Natasha Mozgovaya
May 21, 2009 - 12:00am

U.S. Secretary of State Hillary Clinton took a hard line against settlement construction in the territories Wednesday, including a call to freeze building for natural growth. Her statement came in contrast to the general terms U.S. President Barack Obama expressed about the issue to Prime Minister Benjamin Netanyahu earlier in the week.

"We want to see a stop to settlement construction - additions, natural growth, any kind of settlement activity - that is what the president has called for," Clinton said in an interview with Al-Jazeera.

President Shimon Peres discussed the use of construction to accommodate natural growth in the settlements when he was in Washington at the beginning of May. "These children are not going to live on the roofs," he said.

The Israeli Embassy here said Israel would stand by its pledge not to establish new settlements but as Israel sees it, this clearly does not include construction of housing to accommodate natural increases.

Clinton also discussed the two-state solution, which Netanyahu had not mentioned in his meeting with Obama. "We also are going to be pushing for a two-state solution, which by its very name implies borders that have to be agreed to and we expect to see two states living side-by-side," Clinton said. Clinton said the Palestinian state was envisioned as a sovereign state, with the responsibilities that come with statehood.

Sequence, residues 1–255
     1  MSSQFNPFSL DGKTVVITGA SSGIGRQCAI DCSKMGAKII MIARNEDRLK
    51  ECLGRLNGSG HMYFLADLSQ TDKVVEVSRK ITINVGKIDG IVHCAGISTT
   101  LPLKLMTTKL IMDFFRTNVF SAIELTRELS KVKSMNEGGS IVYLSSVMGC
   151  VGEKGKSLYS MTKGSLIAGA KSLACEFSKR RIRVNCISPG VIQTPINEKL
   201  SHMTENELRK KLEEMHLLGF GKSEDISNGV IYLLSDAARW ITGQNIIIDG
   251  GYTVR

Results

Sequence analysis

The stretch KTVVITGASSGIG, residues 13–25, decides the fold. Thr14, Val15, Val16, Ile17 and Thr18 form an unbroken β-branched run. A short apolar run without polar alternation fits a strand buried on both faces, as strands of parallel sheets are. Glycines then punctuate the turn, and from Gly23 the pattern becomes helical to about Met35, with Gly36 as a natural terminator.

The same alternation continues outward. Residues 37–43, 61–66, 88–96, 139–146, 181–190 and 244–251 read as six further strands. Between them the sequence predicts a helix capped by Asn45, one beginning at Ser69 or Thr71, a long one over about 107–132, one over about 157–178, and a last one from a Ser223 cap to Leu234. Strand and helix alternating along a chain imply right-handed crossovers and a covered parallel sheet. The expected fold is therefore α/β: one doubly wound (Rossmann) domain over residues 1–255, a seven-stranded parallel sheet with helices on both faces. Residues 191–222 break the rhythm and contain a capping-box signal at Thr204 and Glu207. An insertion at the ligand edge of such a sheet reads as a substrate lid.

"We are starting this intensive engagement right now. We have consulted broadly already. George Mitchell and I have spoken with many Arab leaders and of course with the Palestinians and the Israelis and we are determined to forge ahead," Clinton told Al-Jazeera.

Clinton said she had stressed the U.S. position to Netanyahu over dinner. The hard work was just beginning, she said, and the U.S. administration was determined to move ahead with what it saw as in the essential interest of the Israelis, the Palestinians, the region and the rest of the world.

Clinton said the the Palestinians' recognizing Israel's right to exist, renouncing violence and respecting prior agreements are an "incredibly reasonable request."

Despite reports that Obama was to unveil a peace plan in his Cairo speech on June 4, the White House said there is still no final plan on the table and ideas would continue to coalesce during the month in meetings Obama expects to hold with PA Chairman Mahmoud Abbas and Egyptian President Hosni Mubarak.


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